5 of the Very Best: This Month’s Top Articles, December

These pieces have caught your attention throughout the month of December. So here they are in one place for you to consume, digest, and enjoy.

Welcome to a special monthly edition of our roundup, Five of the Very Best! Today, we’re posting up Breaking Muscle’s top five articles of the month. These pieces have caught your attention throughout December. So here they are in one place for you to consume, digest, and enjoy.

#1 – CrossFitters: 5 Steps to Immediately Improve Your Weightlifting

By Colm O’Reilly

You know the drill all too well. You hit your warm up, you load your plates on your bar on your platform. Same as always. But then it happens… you start to miss. Why? A lot of the time we’re physically able to shift the metal, but we psych ourselves out. Here are some strategies to overcome this.


#2 – Your Diet Is Not Normal: Here’s Why

By Craig Marker

Individual physiological differences play an important role in how well diets and training programs work. Basic diets might work for many people who are overweight. But as you approach your goal physique, your nutrition needs to be tailored to you.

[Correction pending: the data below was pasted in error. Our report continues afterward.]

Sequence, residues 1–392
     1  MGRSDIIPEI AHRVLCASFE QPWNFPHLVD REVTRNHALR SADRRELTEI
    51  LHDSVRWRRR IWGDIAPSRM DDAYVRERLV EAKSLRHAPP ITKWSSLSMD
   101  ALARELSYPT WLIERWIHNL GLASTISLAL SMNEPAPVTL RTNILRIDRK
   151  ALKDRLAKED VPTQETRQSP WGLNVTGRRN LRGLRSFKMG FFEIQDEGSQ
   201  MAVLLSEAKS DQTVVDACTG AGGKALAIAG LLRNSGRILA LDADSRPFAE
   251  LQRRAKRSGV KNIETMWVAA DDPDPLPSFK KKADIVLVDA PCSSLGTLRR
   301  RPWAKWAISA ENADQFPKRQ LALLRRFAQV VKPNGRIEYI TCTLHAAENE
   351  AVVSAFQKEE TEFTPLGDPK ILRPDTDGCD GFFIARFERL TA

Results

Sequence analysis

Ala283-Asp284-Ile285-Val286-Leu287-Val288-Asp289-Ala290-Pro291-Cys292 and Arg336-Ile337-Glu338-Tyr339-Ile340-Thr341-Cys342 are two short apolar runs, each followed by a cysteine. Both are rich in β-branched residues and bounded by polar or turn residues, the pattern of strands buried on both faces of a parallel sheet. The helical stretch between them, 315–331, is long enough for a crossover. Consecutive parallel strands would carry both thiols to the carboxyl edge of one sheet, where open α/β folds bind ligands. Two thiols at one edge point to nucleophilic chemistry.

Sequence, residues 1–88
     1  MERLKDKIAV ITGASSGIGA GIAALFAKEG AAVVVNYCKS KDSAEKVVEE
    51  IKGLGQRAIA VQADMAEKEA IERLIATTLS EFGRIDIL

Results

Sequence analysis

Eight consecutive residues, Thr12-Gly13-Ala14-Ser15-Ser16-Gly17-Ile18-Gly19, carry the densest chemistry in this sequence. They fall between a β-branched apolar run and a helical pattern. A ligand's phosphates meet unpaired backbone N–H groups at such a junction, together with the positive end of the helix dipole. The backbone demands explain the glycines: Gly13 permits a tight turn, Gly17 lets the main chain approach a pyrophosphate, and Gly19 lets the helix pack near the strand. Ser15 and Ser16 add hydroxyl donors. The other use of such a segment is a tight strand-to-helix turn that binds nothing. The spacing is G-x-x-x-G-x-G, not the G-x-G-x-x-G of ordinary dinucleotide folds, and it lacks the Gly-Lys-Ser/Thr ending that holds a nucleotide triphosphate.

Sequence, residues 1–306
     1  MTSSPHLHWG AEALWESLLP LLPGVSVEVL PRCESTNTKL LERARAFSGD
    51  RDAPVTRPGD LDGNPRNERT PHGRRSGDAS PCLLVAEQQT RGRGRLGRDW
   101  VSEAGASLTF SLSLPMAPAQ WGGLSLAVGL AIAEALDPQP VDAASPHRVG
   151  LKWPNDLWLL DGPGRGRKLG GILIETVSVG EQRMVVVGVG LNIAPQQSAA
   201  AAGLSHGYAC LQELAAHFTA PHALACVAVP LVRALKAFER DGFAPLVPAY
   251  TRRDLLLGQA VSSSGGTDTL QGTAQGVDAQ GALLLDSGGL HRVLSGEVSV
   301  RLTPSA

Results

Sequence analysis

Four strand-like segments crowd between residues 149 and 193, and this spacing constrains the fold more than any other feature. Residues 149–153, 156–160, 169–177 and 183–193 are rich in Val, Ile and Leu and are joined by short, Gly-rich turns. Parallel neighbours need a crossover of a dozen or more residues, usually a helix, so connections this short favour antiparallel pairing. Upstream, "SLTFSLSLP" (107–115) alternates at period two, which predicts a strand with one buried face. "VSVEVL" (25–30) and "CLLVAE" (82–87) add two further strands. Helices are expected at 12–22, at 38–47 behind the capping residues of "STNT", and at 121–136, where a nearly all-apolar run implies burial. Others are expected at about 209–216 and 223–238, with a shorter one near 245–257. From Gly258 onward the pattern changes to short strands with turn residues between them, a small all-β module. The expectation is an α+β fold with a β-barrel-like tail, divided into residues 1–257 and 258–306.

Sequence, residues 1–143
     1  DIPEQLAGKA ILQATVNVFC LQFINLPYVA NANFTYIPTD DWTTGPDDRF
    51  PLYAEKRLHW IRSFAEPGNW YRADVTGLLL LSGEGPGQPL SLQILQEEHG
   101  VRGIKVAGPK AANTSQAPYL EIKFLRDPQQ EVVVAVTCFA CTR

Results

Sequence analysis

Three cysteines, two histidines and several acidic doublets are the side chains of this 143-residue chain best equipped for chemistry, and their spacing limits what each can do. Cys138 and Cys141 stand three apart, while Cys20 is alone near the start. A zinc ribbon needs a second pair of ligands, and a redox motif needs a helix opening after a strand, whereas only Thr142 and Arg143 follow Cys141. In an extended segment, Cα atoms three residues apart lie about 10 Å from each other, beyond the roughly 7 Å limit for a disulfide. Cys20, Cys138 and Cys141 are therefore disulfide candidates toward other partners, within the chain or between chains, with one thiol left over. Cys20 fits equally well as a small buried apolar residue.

#3 – The Formula for a Successful CrossFit Gym

By Patrick McCarty

There are now more than 10,000 CrossFit gyms around the globe and counting. But a few elite boxes have percolated to the top of the pack, created a movement, and continued to thrive even as the market has become crowded with competitors. That’s because they have figured out the formula.


#4 – How to Smash the 225lb Rep Max Bench Test

By Chris Holder

Most college football players are beat up by the end of a long season. But if you are a high-level player, the post-season is the time to prepare for the NFL Combine. The skills you need to master for the Combine tests are very specific. One of those tests is the 225lb rep max on the bench press – and here’s how you smash it.


#5 – The One-Session, One-Exercise, One-Set Strength Plan

By Chet Morjaria

If you’re anything like me, holiday season training is a mental struggle. There’s little chance of sticking to a meaningful, 3-4 times a week training plan. So how do you fit a structured strength training program into the forthcoming weeks? What if you could get all the strength, speed, and power work you need with one single set of one exercise, one day a week?


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Photo courtesy of CrossFit.